Francesco Zirpoli (Università di Venezia)
"Post merger "network" integration: the case of Fiat and Chrysler"
I will present a forthcoming book on the merger between Fiat and Chrysler, co-authored with Markus Becker and Josh Whitford. This is a book about mergers of large firms which have extensive supply networks who carry out a substantial part of their productive and innovative activity. Mergers are already very difficult judging by their failure rate which are often cited in the range of 70%. In a world where the firms merging are not self-contained but rather, are very heavily embedded in their supply networks, the challenges involved in a merger seem even more daunting: How do you merge two production networks? Our arguments challenge the tendency of so many to highlight the vision and agency of organizational leadership on the one side, and suggests that too short shrift is given to questions of a number of organizational process and factors on the other. Indeed, the power of corporate leaders is triply (at least!) complicated and constrained. There is, first, the extension of the so-called agency problem down the hierarchy, wherein those to whom higher ups give orders have ideas and interests of their own and sometimes do not do as they are told. Then there are limits to the knowledge, competence, and abilities of leaders and subordinates alike; even if they are making every effort to complete (or invent) some task or other, they may prove unable. Finally, as Pfeffer and Salancik pointed out long ago, things are complicated still further when resources that matter sit external to the corporation.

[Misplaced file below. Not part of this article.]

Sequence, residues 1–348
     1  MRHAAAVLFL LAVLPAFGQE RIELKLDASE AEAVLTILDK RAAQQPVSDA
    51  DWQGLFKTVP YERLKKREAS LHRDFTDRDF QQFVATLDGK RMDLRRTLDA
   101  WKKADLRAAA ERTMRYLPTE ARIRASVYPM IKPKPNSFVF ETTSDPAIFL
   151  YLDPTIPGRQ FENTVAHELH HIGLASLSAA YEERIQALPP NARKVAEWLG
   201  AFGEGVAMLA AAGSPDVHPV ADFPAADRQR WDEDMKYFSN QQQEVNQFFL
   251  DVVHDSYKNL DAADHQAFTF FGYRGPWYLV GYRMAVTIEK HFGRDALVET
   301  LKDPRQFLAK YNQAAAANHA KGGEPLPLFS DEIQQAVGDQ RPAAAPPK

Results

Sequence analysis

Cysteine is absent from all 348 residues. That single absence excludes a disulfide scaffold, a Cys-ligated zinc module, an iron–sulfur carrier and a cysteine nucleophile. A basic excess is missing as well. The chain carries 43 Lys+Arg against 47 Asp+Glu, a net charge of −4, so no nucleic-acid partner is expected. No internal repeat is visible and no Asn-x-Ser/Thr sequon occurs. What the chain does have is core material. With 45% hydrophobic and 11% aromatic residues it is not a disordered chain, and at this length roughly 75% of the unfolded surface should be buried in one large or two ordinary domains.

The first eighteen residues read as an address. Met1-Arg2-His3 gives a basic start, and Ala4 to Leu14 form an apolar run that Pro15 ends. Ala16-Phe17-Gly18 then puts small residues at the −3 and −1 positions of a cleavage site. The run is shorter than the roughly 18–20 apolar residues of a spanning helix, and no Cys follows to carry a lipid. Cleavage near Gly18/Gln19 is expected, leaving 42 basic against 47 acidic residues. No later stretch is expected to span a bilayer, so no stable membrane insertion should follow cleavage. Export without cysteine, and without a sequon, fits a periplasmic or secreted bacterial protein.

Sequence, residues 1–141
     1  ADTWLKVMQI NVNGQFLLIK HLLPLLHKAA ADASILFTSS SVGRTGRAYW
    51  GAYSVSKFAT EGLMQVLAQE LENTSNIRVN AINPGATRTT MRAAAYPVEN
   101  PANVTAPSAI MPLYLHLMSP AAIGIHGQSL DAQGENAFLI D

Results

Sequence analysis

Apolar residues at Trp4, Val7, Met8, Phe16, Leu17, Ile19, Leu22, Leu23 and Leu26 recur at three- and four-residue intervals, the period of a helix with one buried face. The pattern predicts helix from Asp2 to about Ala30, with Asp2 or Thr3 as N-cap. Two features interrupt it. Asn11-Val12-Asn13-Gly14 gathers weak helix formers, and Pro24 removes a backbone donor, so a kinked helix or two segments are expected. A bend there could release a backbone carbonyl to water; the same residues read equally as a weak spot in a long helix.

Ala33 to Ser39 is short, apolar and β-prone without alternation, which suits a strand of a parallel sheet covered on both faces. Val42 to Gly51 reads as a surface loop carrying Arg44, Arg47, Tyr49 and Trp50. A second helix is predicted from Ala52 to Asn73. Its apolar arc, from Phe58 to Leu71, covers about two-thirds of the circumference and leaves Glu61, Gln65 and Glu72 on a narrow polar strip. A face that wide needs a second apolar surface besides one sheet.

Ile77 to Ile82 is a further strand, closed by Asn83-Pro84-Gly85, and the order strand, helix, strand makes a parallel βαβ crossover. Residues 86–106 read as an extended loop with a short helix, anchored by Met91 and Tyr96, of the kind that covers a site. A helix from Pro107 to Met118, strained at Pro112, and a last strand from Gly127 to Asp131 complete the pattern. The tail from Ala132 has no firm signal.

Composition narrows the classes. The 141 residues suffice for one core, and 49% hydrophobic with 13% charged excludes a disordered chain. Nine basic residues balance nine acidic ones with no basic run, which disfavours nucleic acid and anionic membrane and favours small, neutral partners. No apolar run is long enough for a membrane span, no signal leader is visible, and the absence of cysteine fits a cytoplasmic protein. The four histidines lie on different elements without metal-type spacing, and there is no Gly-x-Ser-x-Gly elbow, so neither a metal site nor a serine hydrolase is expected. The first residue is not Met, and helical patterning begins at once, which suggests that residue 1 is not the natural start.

The book draws on evidence gathered through a longitudinal analysis of the merger between Fiat and Chrysler. In the automotive industry, i.e. the context in which the merger takes place, many technologies are owned and produced by automotive suppliers with interests of their own as well as limitations in their knowledge, competence, and abilities, that is often where they sit. This latter aspect is what distinguishes our perspective from other analyses of mergers. In cases such as the one we treat, mergers of firms are effectively mergers of supply networks. The theoretical language and concepts we use to analyze this grand organizational experiment involving Fiat and Chrysler rely on a contextually updated variant of the Carnegie’s school’s “behaviorally plausible” approach to the study of organization according to which: firms are “socio-political entities” subject to cognitive and economic constraints; people and groups of people in complex modern organizations are guided by “rules of thumb” and “standard operating procedures”; organizations are rife with conflict over resources between highly interdependent people and groups of people. Those conflicts are not just or even mainly over resources in a zero-sum game, but are in fact more often about organizational strategy. We then propose a model for understanding the merger of production networks that hinges on three refinements to existing theory: (1) the institutionalization of most routines requires some more or less implicit agreement between members of an organization to economize on conflict (truce); (2) the managers and engineers who concretely tasked with turning two production networks into one are, in contemporary sociological parlance, multiply embedded; (3) political contestation in organizations runs beyond bargaining and negotiation. It is marked by discursive and cognitive processes, looks a lot like what social movement theorists call mobilization, and can therefore be studied with concepts—like the frame—more typically used to study social movements.